The beer museum that could make Milwaukee famous

A little vision could turn city into a destination

Milwaukee Journal Sentinel                                October 13, 2006

It's not easy being from Milwaukee.

I was recently grounded at Dallas-Fort Worth International Airport and struck up a conversation with the person sitting next to me. I said I was from Milwaukee.

Awkward silence.

"Where is Milwaukee?" I was asked.

You heard it. Where is Milwaukee?

"East of Madison," I answered. Everyone knows where that is.

It got really painful when someone on a facing seat said, "Jeffrey Dahmer."

After a wry smile, I groped for air. "Harley-Davidson," I mentioned. Things kick-started. "Miller beer." Now we were flowing.

You will never see these people in Milwaukee. Why should they come? What do we have that they can't see somewhere else?

Paintings at the Calatrava not from Milwaukee? Summerfest's main-stage bands not from Milwaukee?

I am tired of being an also-ran. I want to proudly stand up and say I am from Milwaukee and have the conversation become electric.

We will not be that city by looking through the window at other cities' aquariums and zoos. Rather, we need to look through the mirror at our own. We need to be ourselves. We need to show some self-confidence in who and what we are. And we need something that puts us on the map.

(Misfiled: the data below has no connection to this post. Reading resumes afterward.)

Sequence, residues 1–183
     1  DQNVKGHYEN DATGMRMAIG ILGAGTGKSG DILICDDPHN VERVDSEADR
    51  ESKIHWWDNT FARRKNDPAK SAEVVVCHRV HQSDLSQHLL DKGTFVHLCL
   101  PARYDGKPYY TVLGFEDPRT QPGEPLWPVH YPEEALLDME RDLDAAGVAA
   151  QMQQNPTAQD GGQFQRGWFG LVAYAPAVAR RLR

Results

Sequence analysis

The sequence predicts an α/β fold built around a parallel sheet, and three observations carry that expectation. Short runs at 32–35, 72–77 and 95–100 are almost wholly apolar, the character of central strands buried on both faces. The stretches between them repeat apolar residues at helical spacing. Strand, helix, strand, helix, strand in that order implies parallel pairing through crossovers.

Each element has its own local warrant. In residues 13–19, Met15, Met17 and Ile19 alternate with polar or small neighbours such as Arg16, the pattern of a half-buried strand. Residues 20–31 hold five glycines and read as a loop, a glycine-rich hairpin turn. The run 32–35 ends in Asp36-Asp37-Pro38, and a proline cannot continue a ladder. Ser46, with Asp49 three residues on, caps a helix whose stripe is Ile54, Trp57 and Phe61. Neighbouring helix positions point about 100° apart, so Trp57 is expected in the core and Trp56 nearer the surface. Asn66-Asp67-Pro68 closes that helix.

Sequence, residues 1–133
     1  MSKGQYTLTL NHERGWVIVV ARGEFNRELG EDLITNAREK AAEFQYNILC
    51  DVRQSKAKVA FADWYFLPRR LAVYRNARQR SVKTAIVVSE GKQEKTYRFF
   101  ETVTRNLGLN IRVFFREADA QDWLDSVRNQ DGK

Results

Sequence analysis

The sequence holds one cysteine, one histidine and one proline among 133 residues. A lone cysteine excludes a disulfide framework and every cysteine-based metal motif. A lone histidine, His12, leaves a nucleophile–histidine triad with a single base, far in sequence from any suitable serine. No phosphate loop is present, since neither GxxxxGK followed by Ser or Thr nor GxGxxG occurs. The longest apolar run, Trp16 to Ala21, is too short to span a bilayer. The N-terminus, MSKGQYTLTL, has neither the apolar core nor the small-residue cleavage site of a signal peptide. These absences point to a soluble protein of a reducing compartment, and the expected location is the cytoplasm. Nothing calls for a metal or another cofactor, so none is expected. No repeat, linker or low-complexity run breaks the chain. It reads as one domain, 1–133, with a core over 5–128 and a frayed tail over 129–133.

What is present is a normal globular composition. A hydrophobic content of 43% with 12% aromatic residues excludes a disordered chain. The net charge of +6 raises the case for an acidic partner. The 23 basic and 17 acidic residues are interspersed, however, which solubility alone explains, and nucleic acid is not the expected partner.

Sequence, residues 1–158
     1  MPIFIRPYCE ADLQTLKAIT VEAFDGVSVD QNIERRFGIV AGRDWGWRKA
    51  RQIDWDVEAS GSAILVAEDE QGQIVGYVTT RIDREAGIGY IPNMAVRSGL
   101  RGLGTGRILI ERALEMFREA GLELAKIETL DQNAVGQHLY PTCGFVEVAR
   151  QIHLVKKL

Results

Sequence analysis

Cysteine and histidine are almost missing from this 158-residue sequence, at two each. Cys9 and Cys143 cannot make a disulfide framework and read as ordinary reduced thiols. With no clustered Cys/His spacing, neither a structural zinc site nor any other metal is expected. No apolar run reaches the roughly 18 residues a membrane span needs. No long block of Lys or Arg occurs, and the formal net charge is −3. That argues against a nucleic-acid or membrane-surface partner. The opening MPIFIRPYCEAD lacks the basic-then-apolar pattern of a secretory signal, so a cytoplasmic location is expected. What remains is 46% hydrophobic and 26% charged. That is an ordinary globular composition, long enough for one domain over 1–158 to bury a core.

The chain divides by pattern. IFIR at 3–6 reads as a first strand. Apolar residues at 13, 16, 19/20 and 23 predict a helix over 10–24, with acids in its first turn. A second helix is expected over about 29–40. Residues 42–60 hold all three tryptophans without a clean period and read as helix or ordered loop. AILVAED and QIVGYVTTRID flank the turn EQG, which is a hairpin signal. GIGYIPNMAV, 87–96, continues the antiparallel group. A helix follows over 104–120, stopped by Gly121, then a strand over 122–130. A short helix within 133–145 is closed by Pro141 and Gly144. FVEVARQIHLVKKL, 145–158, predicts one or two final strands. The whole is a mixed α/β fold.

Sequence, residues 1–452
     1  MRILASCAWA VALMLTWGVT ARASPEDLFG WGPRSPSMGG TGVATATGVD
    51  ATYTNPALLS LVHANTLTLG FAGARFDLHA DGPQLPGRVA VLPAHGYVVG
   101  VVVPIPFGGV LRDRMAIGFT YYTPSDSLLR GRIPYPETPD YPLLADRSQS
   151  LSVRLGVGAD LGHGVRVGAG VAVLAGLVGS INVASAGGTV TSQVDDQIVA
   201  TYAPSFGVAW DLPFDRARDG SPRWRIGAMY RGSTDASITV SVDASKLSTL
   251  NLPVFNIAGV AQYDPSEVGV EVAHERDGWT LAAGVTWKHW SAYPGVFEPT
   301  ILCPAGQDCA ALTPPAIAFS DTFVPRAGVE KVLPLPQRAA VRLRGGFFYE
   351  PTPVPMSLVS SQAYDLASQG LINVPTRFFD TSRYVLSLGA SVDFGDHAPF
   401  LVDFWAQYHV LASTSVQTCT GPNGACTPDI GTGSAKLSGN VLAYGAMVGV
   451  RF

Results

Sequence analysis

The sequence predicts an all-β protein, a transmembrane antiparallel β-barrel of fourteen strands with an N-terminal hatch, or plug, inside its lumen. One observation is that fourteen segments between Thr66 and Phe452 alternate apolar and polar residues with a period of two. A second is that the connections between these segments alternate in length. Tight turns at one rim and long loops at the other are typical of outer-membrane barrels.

Am I living in a fantasy world? Not a chance.

In 2008, our first all-Milwaukee attraction is scheduled to open - the Harley-Davidson Museum. Vrroooommm.

This will be to Milwaukee what the Rock and Roll Hall of Fame is to Cleveland. Vrroooommm. It lies near the heart of our identity, and we don't have to compete for it with any other city. No one had to dream this one up on a drafting board at a marketing agency. It was here all along.

That's just part of our magic.

Beer made Milwaukee famous, as Schlitz liked to remind the world. Schlitz was the world's largest brewery in the 1960s. In 1980, we were home to three of the five largest American brewers: Schlitz, Miller, Pabst. Today, Miller is America's second-largest brewer. We made beer the sixth-major food group.

But Milwaukee offers little more than a walking tour of the Miller brewery. The city should set its sights high and welcome the world to a national beer museum.

Think about these two museums. Can you separate suds and cycles?

The scale of the beer museum would have to be large enough to make it a must-see on par with Harley's effort. Take your pick of historic brewery buildings smelling of stale hops to house it.

The museum would tap the greater municipal vision of the convention center. It needs complementary attractions to achieve critical mass, and a beer museum could deliver in tandem with Harley.

This museum has been obvious to almost any Milwaukean with an appreciation of history, or just the barley sandwich, but we are still wandering among the empty silos as no one has stepped forward with the vision, leadership and funding.

There is a lot of hard work ahead, but Harley has broken the ice. Our future is here. It doesn't need to be invented, just uncovered.

I can't wait to buy the world a ticket to Milwaukee's magic.

 
   

 

 

 

 

 

 

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